ICED EARTH Mainman Says Changes In The Music Industry Aren't 'Anything To Be Afraid Of'

ICED EARTH Mainman Says Changes In The Music Industry Aren't 'Anything To Be Afraid Of'

Sebastiano Mereu of From Hero To Zero recently conducted an interview with ICED EARTH guitarist and main songwriter Jon Schaffer. You can watch the full chat below. A few excerpts follow (transcribed by BLABBERMOUTH.NET).

On the differences in being a musician in 2016 versus the mid-'80s:

Jon: "The business has changed drastically. We've undergone a massive change in the way people buy music, or don't buy music. That's obviously changed the dynamic for everybody in the music business. I think ultimately, for bands that are an established brand, things are going to be okay, even though it's a weird moment in time right now where there's a lot of different business models that are popping up and people are coming up with other ideas on how to deal with the new situation. To be a baby band would be a pretty scary thing right now because there's so much competition, for one thing, and without some significant backing… it would be a really hard time to start off."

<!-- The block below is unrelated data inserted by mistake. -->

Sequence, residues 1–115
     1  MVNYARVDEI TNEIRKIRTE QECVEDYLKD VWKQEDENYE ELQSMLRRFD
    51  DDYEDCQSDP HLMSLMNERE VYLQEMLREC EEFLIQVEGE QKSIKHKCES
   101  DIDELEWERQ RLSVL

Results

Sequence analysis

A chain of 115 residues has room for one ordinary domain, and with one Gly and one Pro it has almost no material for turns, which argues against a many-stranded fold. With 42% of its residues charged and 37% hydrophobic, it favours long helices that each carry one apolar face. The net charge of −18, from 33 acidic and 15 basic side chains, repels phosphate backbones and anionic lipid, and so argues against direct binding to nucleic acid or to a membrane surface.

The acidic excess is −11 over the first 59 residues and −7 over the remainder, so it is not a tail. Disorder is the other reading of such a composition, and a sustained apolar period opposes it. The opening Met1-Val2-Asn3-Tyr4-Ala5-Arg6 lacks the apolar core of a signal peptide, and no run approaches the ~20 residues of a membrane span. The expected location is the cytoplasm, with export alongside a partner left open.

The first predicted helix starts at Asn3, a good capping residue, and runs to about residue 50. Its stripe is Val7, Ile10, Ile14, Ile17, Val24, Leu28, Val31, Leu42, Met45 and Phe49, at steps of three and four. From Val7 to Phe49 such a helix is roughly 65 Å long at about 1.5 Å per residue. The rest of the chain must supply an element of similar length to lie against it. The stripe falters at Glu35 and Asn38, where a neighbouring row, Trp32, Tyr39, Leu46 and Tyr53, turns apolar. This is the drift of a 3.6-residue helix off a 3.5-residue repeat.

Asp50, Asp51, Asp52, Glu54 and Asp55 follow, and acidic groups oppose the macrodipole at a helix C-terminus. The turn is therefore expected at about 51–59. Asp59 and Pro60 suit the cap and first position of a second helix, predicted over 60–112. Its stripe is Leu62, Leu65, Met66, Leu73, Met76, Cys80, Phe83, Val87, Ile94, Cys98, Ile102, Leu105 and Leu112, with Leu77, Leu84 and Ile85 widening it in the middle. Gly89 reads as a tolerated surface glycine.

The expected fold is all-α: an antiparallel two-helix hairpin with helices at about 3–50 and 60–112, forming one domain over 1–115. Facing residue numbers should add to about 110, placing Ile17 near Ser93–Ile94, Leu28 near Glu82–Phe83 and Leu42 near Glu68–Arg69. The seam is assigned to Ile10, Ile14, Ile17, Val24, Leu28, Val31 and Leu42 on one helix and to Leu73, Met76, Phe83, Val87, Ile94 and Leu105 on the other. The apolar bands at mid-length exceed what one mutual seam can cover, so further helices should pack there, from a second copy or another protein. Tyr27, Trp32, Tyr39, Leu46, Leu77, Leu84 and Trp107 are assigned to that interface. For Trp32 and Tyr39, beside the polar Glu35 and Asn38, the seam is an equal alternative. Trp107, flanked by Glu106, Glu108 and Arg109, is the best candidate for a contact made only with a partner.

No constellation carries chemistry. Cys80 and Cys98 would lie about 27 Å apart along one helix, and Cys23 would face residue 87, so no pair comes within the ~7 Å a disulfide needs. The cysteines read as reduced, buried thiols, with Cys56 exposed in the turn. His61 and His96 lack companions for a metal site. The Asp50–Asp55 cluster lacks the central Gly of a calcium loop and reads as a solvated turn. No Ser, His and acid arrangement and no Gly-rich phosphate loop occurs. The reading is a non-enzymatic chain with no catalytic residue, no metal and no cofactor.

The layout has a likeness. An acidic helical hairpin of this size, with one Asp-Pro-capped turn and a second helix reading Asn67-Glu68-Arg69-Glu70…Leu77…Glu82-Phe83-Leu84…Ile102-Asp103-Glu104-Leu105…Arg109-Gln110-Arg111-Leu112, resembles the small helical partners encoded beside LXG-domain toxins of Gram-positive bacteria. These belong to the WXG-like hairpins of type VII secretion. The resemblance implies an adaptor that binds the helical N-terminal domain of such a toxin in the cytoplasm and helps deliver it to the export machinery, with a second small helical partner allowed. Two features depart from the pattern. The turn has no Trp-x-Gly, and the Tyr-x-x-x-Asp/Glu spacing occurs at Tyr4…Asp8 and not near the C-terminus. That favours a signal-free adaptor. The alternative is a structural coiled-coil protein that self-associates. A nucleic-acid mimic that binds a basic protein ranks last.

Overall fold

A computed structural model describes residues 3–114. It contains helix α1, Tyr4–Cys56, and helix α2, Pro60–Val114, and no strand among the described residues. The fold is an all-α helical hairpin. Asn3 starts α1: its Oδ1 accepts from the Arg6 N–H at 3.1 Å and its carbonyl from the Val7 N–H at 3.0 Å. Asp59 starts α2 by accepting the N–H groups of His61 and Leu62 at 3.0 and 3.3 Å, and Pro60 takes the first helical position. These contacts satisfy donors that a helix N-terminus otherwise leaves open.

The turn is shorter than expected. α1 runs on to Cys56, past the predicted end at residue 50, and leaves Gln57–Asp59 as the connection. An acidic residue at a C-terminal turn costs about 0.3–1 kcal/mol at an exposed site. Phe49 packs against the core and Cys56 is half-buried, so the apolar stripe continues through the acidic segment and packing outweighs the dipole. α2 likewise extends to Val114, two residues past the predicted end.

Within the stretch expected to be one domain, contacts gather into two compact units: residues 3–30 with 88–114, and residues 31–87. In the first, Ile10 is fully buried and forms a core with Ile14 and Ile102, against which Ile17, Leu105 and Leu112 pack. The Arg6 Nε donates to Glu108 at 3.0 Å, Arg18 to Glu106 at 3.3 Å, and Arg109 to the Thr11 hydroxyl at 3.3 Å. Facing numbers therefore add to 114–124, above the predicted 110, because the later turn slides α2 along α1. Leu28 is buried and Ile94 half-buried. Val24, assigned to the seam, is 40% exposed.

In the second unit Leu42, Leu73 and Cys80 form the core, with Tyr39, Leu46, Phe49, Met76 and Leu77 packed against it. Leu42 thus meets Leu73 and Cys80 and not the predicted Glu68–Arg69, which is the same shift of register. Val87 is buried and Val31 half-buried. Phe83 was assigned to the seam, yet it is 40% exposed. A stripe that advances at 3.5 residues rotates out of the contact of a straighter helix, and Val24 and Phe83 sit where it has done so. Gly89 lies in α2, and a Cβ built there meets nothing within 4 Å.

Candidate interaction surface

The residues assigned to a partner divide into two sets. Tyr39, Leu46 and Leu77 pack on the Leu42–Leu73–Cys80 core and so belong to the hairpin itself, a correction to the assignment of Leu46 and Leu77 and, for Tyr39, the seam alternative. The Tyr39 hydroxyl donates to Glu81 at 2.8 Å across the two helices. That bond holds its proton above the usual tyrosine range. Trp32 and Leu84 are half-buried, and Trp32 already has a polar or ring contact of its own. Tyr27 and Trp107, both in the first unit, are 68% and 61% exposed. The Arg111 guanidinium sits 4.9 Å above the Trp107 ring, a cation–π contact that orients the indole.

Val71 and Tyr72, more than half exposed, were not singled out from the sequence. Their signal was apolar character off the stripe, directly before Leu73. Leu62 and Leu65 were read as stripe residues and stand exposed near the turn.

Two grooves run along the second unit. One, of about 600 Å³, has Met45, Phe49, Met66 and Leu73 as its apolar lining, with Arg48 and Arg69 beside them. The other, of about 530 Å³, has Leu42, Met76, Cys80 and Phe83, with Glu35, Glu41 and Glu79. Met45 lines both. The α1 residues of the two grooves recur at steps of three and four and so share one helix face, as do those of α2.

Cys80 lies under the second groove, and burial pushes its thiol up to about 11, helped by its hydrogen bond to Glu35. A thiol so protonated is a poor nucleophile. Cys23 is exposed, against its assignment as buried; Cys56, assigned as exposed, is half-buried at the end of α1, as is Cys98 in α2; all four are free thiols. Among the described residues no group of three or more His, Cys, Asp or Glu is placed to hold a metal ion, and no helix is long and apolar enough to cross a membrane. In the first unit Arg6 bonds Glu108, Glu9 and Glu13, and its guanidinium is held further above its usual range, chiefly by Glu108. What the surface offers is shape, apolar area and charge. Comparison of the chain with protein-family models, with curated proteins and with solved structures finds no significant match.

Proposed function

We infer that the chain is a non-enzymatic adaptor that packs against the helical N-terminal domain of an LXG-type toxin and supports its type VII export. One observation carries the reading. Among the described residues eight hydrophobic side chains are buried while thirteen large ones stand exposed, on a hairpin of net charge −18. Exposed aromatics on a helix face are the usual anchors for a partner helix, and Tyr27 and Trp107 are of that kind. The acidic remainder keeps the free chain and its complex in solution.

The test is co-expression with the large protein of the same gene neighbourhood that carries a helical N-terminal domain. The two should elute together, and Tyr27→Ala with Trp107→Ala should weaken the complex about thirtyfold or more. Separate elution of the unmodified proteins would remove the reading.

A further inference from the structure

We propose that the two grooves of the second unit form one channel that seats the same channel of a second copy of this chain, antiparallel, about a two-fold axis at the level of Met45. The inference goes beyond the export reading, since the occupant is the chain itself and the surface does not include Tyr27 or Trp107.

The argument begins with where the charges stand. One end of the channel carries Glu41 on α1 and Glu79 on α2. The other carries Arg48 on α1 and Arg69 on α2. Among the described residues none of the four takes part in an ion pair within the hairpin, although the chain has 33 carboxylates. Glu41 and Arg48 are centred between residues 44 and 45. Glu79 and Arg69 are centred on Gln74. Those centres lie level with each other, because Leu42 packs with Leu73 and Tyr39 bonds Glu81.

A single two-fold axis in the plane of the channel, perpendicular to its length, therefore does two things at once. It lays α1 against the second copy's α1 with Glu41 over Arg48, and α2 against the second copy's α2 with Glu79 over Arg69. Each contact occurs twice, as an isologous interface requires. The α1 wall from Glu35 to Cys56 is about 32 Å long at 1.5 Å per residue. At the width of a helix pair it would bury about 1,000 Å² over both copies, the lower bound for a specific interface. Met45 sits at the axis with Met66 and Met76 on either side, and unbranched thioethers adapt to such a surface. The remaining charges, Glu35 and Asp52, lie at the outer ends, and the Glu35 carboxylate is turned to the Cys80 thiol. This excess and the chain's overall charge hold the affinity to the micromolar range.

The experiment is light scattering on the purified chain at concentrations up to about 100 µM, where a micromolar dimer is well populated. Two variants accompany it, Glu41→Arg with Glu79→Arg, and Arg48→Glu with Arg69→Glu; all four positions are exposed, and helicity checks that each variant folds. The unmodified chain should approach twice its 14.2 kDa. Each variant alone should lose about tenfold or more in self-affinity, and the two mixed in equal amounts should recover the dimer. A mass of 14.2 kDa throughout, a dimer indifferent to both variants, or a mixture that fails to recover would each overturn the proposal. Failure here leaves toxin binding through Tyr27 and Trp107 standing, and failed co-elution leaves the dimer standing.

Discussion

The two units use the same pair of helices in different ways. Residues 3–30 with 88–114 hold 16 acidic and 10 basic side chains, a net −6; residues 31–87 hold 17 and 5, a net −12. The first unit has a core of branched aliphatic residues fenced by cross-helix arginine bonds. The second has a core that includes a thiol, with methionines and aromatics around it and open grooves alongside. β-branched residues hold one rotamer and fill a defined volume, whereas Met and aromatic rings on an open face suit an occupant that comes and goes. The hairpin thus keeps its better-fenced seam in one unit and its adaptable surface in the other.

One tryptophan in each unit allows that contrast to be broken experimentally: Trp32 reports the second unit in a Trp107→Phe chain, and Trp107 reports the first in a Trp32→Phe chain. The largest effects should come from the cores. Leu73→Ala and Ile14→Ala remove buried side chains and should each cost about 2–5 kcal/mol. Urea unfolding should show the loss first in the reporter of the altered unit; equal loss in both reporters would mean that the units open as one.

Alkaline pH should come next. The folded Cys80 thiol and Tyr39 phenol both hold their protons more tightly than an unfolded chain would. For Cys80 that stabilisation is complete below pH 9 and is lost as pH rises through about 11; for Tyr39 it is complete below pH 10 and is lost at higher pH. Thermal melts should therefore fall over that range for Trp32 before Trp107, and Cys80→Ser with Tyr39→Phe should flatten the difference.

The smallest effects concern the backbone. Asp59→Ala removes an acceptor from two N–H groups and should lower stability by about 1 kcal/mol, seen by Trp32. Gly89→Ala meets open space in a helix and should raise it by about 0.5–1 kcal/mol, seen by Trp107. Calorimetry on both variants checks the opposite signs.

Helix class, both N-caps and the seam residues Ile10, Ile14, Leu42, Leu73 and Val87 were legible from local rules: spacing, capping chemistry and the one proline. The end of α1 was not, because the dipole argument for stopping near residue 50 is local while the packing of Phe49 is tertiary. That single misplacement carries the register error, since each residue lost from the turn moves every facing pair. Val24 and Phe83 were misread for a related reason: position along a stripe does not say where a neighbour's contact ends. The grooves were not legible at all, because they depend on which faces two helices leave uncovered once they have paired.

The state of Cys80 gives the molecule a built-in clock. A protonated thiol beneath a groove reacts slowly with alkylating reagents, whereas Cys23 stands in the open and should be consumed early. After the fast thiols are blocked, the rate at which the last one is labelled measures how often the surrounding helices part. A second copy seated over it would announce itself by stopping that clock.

On the reason behind ICED EARTH's new headquarters in Indiana:

Jon: "To make it as efficient as possible to make records. There are income streams coming from digital, but it's less than what we used to have with physical product sales. Part of that is also a shake-up that's going to happen within the music industry where the old model, the old labels were in the past and with the artists. It's a very complex thing. For me, the bottom line is to be able to have everything housed under one roof, so we can control our entire operation from there, make our records there, do everything that we need to do to be able to function as cost-effectively as possible, with the idea and the intent that we are moving towards a path of real independence. That's the long-term plan over the next few years."

On the things the band can do at a cheaper cost today: